Proxy Servers by Protocol

A proxy server can use different protocols to operate

HTTP and HTTPS protocols are reserved for web content. HTTP proxy servers offer only the basic service of hiding the original IP address. While the address might be hidden, all activity through this protocol is visible online.

On the other hand, HTTPS protocol allows for secure, encrypted connection through SSL. Proxy servers utilizing this protocol can be considered essentially as SSL proxy connections with the combined benefits of a proxy server and encrypted data transferring.

SOCKS protocol involves an additional third-party proxy as it allows all SOCKS5-compatible traffic. However, these types of proxy servers don’t provide advanced protection. The data passing through a SOCKS proxy won’t be encrypted and there’s no guarantee that your online behavior will remain anonymous.

SIP proxies are used exclusively for telephones. This type of proxy performs the same function for phone calls as online proxy servers do for web traffic.

An SMTP proxy server forwards or denies emails according to specific rules. You might think that this server type is sufficient to protect you from email-based attacks, but it’s actual functionality is somewhat limited.

The protocol will scrutinize the web server and source address from which an email originated. It can even check the message itself for suspicious content. However, the use of an SMTP proxy will be limited to filtering out inappropriate, spam, and phishing emails. Additional solutions will be needed for complete email security.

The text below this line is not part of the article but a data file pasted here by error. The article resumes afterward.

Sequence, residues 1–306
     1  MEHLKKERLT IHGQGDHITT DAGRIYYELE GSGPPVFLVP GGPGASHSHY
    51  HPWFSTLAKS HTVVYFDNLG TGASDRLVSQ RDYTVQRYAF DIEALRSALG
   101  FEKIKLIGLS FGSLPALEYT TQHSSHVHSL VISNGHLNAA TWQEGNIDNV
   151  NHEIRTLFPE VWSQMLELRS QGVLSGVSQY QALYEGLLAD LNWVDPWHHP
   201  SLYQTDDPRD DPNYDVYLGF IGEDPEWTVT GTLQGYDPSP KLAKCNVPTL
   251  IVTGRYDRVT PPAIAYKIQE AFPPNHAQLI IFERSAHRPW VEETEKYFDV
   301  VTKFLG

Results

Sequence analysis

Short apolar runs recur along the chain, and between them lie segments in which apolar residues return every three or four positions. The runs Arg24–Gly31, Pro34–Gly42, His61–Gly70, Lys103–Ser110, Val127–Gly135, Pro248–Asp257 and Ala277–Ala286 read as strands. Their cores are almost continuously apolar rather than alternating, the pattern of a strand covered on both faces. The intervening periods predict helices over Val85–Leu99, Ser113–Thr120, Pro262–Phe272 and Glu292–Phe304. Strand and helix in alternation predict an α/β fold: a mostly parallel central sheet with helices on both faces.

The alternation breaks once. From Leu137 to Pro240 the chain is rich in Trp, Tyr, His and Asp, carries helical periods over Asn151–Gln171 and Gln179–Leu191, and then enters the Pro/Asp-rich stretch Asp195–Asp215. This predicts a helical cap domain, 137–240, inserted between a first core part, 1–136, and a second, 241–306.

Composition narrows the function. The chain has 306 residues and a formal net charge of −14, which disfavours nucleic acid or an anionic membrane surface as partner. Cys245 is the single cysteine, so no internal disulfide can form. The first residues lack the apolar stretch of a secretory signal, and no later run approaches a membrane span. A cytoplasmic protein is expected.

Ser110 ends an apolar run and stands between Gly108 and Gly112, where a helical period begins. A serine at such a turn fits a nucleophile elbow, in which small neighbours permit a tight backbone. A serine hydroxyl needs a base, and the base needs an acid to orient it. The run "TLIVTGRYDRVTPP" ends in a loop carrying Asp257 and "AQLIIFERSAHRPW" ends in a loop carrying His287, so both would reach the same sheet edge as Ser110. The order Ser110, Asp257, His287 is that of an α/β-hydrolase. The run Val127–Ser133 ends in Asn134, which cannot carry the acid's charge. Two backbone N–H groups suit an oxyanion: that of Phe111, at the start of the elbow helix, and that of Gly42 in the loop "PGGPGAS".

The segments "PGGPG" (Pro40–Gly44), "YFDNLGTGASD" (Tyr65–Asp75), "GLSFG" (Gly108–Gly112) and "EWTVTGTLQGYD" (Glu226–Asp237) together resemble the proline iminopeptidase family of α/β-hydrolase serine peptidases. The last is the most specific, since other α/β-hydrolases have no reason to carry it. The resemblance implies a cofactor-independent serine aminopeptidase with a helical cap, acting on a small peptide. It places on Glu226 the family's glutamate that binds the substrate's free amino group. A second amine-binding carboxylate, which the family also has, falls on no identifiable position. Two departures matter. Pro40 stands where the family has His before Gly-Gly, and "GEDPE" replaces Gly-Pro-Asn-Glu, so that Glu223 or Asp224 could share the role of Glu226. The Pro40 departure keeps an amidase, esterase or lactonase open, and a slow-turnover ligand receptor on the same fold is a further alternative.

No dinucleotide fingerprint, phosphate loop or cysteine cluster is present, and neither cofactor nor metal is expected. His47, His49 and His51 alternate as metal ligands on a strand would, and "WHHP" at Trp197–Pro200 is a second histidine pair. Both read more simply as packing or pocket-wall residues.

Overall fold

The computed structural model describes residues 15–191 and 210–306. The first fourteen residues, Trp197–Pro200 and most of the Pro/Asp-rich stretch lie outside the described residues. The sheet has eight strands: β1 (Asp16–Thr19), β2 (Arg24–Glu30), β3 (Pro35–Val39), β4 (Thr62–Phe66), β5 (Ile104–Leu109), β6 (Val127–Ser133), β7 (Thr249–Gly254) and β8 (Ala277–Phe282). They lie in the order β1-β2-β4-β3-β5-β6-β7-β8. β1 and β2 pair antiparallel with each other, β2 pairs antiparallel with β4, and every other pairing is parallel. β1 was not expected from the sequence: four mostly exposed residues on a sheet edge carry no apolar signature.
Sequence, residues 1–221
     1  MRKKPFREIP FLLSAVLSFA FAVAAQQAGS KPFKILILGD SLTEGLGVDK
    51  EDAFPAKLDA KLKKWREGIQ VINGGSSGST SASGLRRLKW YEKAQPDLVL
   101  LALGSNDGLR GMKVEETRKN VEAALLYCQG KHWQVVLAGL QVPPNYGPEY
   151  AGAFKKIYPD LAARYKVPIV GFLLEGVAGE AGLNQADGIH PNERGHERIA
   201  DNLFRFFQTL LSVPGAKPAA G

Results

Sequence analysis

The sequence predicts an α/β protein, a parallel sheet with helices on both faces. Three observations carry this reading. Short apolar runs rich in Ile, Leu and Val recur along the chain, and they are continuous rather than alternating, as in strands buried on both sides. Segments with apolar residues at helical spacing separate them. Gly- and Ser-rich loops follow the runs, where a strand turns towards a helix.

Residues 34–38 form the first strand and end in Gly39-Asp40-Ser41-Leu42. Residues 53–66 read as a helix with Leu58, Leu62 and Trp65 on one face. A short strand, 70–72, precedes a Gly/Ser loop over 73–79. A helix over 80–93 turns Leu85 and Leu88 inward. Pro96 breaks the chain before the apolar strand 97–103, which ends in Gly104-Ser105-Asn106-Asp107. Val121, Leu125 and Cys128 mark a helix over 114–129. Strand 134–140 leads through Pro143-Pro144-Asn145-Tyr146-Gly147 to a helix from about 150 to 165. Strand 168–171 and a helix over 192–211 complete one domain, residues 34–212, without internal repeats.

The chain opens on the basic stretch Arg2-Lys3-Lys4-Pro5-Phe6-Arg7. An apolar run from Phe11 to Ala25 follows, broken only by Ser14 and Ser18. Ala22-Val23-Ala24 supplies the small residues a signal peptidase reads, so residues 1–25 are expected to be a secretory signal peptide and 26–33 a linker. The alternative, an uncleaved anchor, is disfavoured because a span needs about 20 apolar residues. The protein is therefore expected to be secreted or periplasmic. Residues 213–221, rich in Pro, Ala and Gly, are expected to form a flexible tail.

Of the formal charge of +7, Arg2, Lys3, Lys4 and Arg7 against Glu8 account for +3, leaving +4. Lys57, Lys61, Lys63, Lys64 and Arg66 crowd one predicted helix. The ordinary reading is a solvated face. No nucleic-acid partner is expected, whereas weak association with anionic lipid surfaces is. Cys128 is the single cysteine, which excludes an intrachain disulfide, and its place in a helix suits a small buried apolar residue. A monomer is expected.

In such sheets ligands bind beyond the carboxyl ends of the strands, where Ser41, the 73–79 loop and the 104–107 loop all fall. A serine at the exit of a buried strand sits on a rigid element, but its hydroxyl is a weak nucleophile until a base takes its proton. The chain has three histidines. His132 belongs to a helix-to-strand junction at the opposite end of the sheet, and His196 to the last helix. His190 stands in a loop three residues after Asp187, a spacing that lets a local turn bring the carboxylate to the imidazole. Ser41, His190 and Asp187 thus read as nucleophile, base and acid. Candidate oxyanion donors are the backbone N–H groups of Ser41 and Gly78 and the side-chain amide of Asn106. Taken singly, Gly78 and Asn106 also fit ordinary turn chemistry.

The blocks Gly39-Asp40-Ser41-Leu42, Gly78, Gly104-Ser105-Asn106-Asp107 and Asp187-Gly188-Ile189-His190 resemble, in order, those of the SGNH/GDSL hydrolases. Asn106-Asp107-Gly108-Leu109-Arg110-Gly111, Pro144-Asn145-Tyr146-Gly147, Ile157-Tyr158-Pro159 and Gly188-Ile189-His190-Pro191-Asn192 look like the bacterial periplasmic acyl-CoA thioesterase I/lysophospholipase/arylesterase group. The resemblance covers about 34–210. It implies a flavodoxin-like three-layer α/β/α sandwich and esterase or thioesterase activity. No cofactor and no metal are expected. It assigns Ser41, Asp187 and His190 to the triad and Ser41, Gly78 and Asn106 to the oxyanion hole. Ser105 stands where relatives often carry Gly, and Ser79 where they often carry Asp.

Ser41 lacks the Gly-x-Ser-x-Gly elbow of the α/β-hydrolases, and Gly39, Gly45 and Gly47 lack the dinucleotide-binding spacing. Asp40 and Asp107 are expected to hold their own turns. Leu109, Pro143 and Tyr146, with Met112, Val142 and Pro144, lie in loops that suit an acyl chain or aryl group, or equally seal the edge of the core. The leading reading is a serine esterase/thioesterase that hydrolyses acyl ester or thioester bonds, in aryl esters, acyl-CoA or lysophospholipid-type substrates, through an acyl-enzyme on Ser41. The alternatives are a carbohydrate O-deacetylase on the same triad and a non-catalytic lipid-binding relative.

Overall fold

FTP stands for “File transfer protocol,” which explains what this proxy type is used for. An FTP proxy server monitors the sender’s and recipient’s IP addresses as well as authentication. If it detects that something like a suspicious or false IP address is used, the protocol will deny file transfer.

A DHCP proxy is more of a tool for network management. It functions within a specific network, sending appropriate configurations to connected devices. This function is particularly useful when devices on a subnetwork are trying to reach their DHCP server.

DNS proxies are something you likely see online all the time without realizing. A DNS proxy server enables users to access websites via a domain name instead of an IP address. This server type checks various factors like geolocation and IP authentication and allows or blocks traffic accordingly.

If you ever found yourself unable to watch a show on a streaming service because it’s not available in your region, this could be the work of a DNS proxy. It’s also one of the main reasons why Smart DNS proxy exists.

Smart DNS has a mission to get you where you want to go regardless of geolocation. This proxy server type will forward you to the appropriate web server wherever you are – provided your request is granted.

Finally, despite its name a CGI proxy server has nothing to do with the work of computer visual artists. Instead, the acronym stands for “Common gateway interface.”

CGI proxies use web forms to conceal your data online and allow for anonymous internet use.